| In a Place Like This [Katsuko]
||[Oct. 31st, 2011|07:35 pm]
[Backstory: Takes place during Katsuko’s six-month imprisonment in the labs, a year after Kyuubi. Katsuko is fifteen in this.]
There was no night down in the holding cells. For there to be night there’d have to be day, and who could tell which was which underground? Time was measured, instead, by the small increments between one experiment and the next—the hours between the rattle of a key in the lock, the creak of old steel as the orderlies wheeled the gurney down the long hallway.
They took away her forehead protector and weapons, her clothes and the family photo she kept in the leather pouch strung around her neck: vestiges of an old life, proof of an identity she no longer owned. In return she was given a number, 24, and a syringe of gleaming, clear liquid that burned as it forced into her veins. Before dragging her downstairs, into the dark, the orderlies shaved her head down to smooth stubble and dressed her in a rough tunic that came down to her knees; the drug they’d injected her with kept her numb and compliant, loose-limbed as a rag doll.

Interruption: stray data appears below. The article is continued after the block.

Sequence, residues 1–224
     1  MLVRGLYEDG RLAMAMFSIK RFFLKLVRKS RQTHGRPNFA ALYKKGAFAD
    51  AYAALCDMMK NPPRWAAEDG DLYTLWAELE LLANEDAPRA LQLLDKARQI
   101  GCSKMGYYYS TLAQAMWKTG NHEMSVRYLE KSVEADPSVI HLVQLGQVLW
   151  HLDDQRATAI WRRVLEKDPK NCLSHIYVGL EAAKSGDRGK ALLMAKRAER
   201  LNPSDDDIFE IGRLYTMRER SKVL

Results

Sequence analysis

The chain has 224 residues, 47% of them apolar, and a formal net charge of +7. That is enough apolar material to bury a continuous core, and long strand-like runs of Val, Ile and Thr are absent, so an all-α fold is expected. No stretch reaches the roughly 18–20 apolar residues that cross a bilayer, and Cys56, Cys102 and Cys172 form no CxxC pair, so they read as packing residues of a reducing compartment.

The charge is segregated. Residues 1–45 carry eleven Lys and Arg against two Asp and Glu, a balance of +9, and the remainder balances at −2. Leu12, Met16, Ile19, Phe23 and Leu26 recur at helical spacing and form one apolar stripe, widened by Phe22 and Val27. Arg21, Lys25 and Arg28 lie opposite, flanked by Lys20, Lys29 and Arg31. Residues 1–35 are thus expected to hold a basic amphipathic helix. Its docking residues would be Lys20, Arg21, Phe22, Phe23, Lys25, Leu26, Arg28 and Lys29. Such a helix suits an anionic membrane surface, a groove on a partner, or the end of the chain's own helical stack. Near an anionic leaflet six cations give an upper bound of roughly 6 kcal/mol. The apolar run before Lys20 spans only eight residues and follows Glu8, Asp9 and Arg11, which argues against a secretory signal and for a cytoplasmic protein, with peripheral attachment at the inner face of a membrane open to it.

The first night was the worst. The drug wore off a few minutes after the orderlies threw her into her cell; she spent the next six hours screaming and clawing at the walls, blood from her torn nail beds painting dark, gory streaks over the pitted concrete. The agony of the chakra-inhibiting jutsu rendered her blind and deaf, able only to hurl herself against the four sides of her prison until she collapsed from exhaustion.